Before we get started on our product, let's discuss ingredients for lipstick. The most important consideration when making lipstick is the colorant - the types you can use, what they are and safety considerations.
Titanium Dioxide—Titanium dioxide is a mined mineral, famous for its natural SPF factor. It is an inert, flat oxide that provides for opacity in lipsticks and foundations. If used too heavily, it will leave your skin pale and chalky. It has natural UVA and UVB protection. Because of its fine grind, it allows the skin to breathe and have a healthy exchange with the environment. In lipstick, it helps to add color to the lips because it provide opacity. Sheer glosses will have little to no titanium dioxide in them.
Iron Oxides—Iron oxides, commonly called pigments, were once mined. Since the 1970s, the FDA has demanded they be lab-created for cosmetic use because iron oxides in nature are often attached to toxic metals like lead, arsenic, mercury, antimony, and selenium. Their purity and safety from naturally occurring sources can’t be guaranteed. The lab-created pigments have the same molecular structure and same quality of color, just a different creation process and a purer, safer end product. Only synthetically prepared iron oxides are approved for use in cosmetics in this country. (Johnson, S.T. & Wordell, C.J. "Homeopathic and herbal medicine: Considerations for formulary evaluation," Formulary, 32, 1167, Nov. 1997.) To achieve vibrant and beautiful colors, iron oxides are prepared in the lab using iron salts, which are then oxidized using a controlled water process. Iron oxides are safe, pure, and vibrant. Not all oxides and pigments are approved for use on lips. You'll need to research with your vendor if the micas you have are lip safe. Click here to see the list of lip and eye shadow safe Bramble Berry colors.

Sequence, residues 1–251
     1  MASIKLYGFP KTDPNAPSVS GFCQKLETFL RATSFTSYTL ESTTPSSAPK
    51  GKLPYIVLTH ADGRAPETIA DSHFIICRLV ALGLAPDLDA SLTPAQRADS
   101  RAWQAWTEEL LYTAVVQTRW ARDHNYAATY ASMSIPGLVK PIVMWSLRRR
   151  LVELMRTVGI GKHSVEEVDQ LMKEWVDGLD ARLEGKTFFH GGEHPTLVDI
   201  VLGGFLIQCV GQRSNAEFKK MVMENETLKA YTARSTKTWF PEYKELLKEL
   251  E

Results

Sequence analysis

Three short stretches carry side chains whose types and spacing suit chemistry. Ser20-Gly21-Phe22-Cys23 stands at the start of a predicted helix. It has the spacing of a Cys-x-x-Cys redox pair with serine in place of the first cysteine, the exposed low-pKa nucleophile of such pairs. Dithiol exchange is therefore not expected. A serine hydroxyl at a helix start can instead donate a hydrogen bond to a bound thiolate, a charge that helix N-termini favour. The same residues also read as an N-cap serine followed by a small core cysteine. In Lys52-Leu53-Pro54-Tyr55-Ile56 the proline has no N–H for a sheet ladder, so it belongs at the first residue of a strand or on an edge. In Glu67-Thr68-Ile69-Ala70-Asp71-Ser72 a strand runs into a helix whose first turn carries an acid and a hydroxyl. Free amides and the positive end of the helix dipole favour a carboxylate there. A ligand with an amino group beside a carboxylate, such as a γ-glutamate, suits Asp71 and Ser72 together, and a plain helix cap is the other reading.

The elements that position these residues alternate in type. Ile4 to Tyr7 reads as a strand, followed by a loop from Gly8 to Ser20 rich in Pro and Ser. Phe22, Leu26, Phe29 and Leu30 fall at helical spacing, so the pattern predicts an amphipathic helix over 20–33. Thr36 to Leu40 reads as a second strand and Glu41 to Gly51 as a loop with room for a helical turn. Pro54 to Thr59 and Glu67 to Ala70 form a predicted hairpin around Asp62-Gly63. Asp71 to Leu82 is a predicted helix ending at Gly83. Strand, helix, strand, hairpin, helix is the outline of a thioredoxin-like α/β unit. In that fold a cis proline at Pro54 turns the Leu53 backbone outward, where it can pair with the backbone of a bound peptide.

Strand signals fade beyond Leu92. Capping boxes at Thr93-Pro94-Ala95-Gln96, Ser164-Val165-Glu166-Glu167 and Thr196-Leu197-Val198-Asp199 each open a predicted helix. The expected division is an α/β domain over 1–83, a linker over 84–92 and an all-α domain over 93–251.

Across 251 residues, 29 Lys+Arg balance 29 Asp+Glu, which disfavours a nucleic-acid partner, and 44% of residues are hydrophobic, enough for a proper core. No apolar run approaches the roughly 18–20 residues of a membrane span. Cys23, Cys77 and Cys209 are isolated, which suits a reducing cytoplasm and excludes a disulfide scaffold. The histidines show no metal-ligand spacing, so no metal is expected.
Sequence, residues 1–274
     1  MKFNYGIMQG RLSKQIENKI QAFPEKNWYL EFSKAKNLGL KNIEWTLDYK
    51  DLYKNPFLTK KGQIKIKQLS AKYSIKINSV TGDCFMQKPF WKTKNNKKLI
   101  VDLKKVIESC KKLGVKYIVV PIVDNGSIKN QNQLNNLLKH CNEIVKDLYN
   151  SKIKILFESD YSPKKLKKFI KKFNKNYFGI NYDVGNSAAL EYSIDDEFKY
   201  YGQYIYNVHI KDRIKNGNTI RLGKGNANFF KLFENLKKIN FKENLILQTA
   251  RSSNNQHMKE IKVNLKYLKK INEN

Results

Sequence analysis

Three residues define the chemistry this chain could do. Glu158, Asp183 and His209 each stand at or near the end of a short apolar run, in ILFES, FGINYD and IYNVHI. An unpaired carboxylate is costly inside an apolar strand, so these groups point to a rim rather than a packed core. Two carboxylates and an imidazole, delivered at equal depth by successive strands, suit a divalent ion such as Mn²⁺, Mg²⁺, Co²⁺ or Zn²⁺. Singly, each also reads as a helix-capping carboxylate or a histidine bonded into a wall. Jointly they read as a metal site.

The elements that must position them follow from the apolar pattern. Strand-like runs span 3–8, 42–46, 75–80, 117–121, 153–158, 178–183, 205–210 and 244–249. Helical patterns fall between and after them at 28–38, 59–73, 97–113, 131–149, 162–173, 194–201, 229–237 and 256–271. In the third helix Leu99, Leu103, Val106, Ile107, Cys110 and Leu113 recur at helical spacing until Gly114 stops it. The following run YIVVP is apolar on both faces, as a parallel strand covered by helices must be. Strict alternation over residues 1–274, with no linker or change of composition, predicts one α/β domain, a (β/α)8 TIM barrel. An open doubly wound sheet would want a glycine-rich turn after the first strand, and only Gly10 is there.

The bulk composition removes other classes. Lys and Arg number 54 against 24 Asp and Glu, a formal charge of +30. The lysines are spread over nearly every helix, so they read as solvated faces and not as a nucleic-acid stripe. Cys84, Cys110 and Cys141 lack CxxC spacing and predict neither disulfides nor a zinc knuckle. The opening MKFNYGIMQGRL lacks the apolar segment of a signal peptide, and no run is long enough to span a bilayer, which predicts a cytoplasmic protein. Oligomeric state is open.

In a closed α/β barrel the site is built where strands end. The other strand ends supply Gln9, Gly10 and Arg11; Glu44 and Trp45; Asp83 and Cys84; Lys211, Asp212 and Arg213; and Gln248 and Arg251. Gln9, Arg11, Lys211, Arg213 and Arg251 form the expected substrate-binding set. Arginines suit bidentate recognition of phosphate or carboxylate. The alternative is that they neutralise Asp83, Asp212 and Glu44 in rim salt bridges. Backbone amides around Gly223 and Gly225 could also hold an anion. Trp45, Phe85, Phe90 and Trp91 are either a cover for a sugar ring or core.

The good thing about using pigments in makeup is that they are stable. They are also cost effective; at $3-$6 per ounce, you're looking at a very cheap, per pound price, for color.Natural Colorants—There is no legal definition for a natural colorant. FDA classifies colorants as either those requiring certification and those not requiring certification. "Exempt colorants are inherently neither more nor less safe than certified colorants," concludes an article in the Encyclopedia of Chemical Technology. We may consider them as less hazardous because we perceive them as "natural." But "like all color additives, they are fabricated products." Historically, bugs were ground up for colorant. Cochineal (the boiled and ground nymphs of the Coccidae, or scale insects) were crushed by the Aztecs and Mayans for a nice red color. Today, potential customers get squeamish about that so we skip the bugs.
Some popular natural colorants to use are:
Yellow - Annatto, Saffron, Turmeric, Carthamin
Green - Chlorophyll
Brown - Cocoa beans (pods, shells, stems), cocoa powder, fermented tea
Red - Paprika (may be irritating)
Purple - Alkanet Root
The list goes on of course.
Tomorrow's blog post will discuss equipment needed and specific base ingredients.